West Midlands Police seem to take privacy very seriously. So when three 20-year-old men were arrested on suspicion of sheep theft, police added pixels to the victims' faces - yes to the lambs - to display in their press release.
According to the statement, the Romanians took the lambs in a car in the Yardley of the West Midlands, and the police managed to capture them.
BBC News commented:
"Sources say that the officer blurred the image as a joke. He apparently concluded that he had an obligation under the Convention on the Rights of the Sheep in Europe to hide the faces of lambs. "
And a more serious note
The West Midlands police have acted entirely with guidelines that explicitly state that they should not provide information about victims of a criminal act. Under the law that includes the Data Protection Act and Article 8 of the Human Rights Law, the police must protect any personal information unless there is a very serious reason.
But it is not just the police, which has to protect personal information. Journalists, for example, are subject to the same law.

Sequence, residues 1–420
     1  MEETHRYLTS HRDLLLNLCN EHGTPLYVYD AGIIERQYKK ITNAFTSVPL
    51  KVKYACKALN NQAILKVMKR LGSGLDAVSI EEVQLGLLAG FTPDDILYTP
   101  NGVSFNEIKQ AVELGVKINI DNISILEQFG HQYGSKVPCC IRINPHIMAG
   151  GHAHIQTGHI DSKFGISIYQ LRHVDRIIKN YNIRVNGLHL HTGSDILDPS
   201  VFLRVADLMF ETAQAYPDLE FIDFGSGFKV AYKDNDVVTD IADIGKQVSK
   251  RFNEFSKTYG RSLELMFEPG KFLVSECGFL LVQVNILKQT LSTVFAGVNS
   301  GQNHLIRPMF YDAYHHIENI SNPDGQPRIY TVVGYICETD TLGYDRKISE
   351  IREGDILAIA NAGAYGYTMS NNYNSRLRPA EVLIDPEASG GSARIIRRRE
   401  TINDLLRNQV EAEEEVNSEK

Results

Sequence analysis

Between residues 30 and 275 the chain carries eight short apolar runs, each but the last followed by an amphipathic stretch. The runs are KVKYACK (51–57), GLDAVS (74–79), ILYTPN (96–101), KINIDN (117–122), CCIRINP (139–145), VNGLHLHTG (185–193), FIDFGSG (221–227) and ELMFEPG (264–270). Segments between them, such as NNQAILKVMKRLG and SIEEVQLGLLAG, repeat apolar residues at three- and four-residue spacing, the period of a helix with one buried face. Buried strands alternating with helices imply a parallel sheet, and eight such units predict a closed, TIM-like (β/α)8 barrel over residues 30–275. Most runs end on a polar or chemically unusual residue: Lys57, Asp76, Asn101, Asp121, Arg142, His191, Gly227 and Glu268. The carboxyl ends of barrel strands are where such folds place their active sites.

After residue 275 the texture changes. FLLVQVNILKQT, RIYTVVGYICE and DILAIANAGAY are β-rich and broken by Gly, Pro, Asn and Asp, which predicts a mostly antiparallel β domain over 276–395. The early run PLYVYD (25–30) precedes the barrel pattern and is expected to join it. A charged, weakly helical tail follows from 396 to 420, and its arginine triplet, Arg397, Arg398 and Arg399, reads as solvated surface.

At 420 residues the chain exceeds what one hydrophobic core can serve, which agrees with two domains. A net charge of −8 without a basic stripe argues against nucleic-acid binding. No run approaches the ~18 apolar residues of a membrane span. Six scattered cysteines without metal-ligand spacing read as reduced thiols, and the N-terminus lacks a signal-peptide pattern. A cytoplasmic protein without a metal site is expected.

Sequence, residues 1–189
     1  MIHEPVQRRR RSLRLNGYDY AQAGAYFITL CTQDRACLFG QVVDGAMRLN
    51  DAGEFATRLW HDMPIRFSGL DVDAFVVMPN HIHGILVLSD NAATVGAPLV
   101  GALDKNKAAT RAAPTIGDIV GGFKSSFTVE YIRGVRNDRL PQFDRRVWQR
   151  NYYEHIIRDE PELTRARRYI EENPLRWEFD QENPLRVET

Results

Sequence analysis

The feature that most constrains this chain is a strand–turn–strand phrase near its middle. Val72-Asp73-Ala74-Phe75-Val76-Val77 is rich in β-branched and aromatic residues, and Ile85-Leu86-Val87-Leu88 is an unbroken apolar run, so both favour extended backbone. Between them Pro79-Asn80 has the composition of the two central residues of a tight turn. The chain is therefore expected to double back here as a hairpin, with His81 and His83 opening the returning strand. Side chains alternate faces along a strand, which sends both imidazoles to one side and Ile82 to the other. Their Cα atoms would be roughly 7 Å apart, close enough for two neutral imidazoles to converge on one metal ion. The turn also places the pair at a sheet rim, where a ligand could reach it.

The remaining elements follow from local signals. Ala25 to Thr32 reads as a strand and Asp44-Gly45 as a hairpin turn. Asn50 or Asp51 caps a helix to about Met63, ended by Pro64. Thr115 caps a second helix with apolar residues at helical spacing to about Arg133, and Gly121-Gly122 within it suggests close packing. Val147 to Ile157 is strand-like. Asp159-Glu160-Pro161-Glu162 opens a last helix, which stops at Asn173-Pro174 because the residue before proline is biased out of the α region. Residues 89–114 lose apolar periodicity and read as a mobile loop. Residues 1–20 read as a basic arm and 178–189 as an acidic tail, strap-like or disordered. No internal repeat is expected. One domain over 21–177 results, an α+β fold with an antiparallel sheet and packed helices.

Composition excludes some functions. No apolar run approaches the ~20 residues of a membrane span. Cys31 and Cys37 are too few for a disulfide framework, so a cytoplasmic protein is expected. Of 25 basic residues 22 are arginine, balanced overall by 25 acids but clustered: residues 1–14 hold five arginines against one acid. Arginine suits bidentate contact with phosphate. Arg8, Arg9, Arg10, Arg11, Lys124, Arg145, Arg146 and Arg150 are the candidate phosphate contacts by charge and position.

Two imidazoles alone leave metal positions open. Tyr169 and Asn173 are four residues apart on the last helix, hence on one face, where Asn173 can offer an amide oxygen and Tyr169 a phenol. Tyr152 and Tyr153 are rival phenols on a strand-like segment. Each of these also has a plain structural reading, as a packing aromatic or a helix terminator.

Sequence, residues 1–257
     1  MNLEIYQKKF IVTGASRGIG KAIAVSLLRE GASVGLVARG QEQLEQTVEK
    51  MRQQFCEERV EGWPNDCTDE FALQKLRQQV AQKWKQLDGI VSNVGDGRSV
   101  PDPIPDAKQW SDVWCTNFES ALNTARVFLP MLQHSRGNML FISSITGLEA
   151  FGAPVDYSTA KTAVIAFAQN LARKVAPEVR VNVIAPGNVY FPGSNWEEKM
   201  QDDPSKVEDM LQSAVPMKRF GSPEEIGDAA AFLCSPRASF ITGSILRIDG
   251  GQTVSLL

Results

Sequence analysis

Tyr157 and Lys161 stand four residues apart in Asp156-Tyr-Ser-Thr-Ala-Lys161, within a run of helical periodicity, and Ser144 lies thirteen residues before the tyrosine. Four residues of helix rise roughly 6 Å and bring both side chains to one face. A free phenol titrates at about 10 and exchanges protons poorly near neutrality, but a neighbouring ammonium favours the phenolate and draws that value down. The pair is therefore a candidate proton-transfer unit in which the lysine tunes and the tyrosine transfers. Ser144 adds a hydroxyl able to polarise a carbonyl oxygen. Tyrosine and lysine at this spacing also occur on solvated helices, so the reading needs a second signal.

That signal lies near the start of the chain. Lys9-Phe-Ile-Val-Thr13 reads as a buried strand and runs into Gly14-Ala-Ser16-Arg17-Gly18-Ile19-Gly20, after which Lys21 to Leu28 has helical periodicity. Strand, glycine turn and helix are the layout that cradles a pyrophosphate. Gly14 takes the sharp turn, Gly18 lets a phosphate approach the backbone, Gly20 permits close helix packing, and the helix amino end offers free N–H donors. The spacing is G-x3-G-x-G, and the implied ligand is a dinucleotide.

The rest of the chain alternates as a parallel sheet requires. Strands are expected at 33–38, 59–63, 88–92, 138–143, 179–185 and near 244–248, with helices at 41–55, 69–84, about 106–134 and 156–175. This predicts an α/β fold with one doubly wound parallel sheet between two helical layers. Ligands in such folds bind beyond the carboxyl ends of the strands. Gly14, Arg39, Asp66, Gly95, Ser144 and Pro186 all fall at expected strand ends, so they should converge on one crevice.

Again the police movement was exaggerated.
In a recent example, however, Huffington Post reported that David Dinsmore, Chief Operating Officer of News UK, was convicted of publishing information identifying the victim of a sexual assault.
One of the group's newspapers had published the photograph of the former England player Adam Johnson. The court ruled that it did not go far enough to cover up the identity of the victim.
From the error of a newspaper that does not cover the identity of the victim much can happen. Somewhere here we have to mention the dangers of social media, where the audience tries to guess the victim by collecting data.
In today's online world where information lives forever, there is no room for privacy errors.